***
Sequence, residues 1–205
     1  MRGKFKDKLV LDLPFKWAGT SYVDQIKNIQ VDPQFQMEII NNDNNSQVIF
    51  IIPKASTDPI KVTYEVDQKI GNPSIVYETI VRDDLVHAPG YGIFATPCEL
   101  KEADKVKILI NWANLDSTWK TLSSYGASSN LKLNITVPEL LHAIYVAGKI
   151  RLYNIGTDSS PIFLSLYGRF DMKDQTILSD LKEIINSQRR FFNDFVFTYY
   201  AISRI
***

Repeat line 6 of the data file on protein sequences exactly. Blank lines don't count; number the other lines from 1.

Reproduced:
   201  AISRI